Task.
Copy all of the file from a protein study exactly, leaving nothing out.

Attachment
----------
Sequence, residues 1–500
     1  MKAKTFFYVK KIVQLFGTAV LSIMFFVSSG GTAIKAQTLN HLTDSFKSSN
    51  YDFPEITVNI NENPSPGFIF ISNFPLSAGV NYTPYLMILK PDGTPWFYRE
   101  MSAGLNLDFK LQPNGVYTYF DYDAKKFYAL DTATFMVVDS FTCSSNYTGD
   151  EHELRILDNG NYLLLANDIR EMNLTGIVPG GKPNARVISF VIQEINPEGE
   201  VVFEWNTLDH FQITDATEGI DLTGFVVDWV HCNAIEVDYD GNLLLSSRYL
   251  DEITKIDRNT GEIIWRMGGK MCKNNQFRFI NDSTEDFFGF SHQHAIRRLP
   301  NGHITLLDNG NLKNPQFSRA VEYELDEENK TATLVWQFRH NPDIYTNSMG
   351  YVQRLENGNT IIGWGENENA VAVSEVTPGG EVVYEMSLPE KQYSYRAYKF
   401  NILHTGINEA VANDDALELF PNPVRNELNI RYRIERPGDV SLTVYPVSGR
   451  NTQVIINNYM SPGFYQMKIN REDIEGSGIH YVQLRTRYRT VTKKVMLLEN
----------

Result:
Sequence, residues 1–500
     1  MKAKTFFYVK KIVQLFGTAV LSIMFFVSSG GTAIKAQTLN HLTDSFKSSN
    51  YDFPEITVNI NENPSPGFIF ISNFPLSAGV NYTPYLMILK PDGTPWFYRE
   101  MSAGLNLDFK LQPNGVYTYF DYDAKKFYAL DTATFMVVDS FTCSSNYTGD
   151  EHELRILDNG NYLLLANDIR EMNLTGIVPG GKPNARVISF VIQEINPEGE
   201  VVFEWNTLDH FQITDATEGI DLTGFVVDWV HCNAIEVDYD GNLLLSSRYL
   251  DEITKIDRNT GEIIWRMGGK MCKNNQFRFI NDSTEDFFGF SHQHAIRRLP
   301  NGHITLLDNG NLKNPQFSRA VEYELDEENK TATLVWQFRH NPDIYTNSMG
   351  YVQRLENGNT IIGWGENENA VAVSEVTPGG EVVYEMSLPE KQYSYRAYKF
   401  NILHTGINEA VANDDALELF PNPVRNELNI RYRIERPGDV SLTVYPVSGR
   451  NTQVIINNYM SPGFYQMKIN REDIEGSGIH YVQLRTRYRT VTKKVMLLEN